Dominoes are a type of board game where players use a variety of tiles to construct their sets. The pieces are numbered and marked with spots or “pips,” and the ends of each tile are blank or identically patterned. They are typically made of wood or a polymer material.
Despite their small size, dominoes are intricately detailed. The art of domino-making is rooted in a tradition that dates back to ancient China. Many European-style sets are made from bone, silver lip ocean pearl oyster shell (mother of pearl), ivory or a dark hardwood such as ebony.
While these materials are a good choice for dominoes, some players prefer to build their own sets using different natural and synthetic materials. For example, some dominoes are made from frosted glass and crystal, while others are made of ceramic clay or pewter.
In a domino game, each player draws seven tiles from a stack or “stock” of face down tiles. The stock is usually placed on an edge of the table, so that each player can see the value of their own tiles but not the other players’.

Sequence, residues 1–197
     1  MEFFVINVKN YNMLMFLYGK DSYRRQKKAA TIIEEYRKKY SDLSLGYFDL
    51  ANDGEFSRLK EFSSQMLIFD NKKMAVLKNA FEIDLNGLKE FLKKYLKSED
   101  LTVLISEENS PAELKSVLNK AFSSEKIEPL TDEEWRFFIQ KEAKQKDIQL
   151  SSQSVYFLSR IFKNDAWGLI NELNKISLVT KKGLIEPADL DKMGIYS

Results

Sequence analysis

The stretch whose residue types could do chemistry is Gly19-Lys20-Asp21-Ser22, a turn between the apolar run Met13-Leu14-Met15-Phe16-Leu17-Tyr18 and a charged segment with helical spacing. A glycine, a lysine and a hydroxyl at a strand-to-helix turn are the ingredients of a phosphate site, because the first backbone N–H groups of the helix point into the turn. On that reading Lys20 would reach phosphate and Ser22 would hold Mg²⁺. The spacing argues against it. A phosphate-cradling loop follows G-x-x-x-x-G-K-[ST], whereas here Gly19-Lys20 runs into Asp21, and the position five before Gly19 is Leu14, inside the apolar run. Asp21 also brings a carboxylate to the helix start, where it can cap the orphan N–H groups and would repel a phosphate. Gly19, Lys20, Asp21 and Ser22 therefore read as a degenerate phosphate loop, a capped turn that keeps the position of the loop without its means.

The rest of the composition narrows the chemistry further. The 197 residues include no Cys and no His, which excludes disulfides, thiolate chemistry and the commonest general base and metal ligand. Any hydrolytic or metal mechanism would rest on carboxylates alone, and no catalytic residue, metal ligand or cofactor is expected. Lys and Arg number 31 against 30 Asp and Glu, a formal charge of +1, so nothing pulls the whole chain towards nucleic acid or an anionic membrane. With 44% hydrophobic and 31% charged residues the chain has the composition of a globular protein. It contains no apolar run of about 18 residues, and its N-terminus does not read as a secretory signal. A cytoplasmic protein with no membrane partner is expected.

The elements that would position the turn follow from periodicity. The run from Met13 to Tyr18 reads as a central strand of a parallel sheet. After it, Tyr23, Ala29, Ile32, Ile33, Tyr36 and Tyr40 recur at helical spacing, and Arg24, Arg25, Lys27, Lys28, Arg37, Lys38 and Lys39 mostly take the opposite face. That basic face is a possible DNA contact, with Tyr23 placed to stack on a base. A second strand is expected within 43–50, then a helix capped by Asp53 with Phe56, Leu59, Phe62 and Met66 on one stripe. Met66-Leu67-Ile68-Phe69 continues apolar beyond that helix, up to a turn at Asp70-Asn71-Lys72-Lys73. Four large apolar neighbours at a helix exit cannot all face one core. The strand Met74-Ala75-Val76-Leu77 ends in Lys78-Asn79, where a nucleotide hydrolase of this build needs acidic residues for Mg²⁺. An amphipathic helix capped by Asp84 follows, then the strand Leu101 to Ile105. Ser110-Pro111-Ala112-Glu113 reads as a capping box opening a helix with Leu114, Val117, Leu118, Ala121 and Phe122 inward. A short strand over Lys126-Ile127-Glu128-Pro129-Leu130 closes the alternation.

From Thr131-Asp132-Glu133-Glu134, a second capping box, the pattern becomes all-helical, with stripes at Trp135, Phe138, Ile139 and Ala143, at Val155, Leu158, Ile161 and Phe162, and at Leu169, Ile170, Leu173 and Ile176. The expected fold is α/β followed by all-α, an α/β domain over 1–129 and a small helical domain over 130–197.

The first player begins the game by playing a domino, then the other player must play a domino with an end that matches the number of pips on the previous domino. This rule is called “stitching up” the ends of the domino chain.
Stephen Morris, a physicist at the University of Toronto, says that one physical phenomenon in particular is essential to making dominoes work well: gravity. He explains that when a domino is picked up and held upright against the pull of gravity, it stores some potential energy, or stored energy based on its position.
As the domino falls, much of that potential energy converts to kinetic energy, or energy of motion, which is transmitted to the next domino and provides the push needed to knock it over.
In some cases, the domino effect can create a cascade of events that start small and grow to become huge. It can even lead to an identity-based shift in beliefs that eventually impact every area of a person’s life, like Jennifer Dukes Lee’s decision to make her bed each day.
Once Lee started to believe she was a clean, organized, productive person, her domino effect caused her to begin to build this new self-image in other areas of her life, as well. She decided to make her bed every morning, and soon found she was creating other habits, including a daily meditation routine, which grew to be very successful for her.
While the domino effect can be a powerful tool for motivating people, it also has the potential to create a cascade of other problems as well. For example, in the case of a company such as Domino’s, it can cause a chain reaction of bad leadership decisions that can be catastrophic for a business.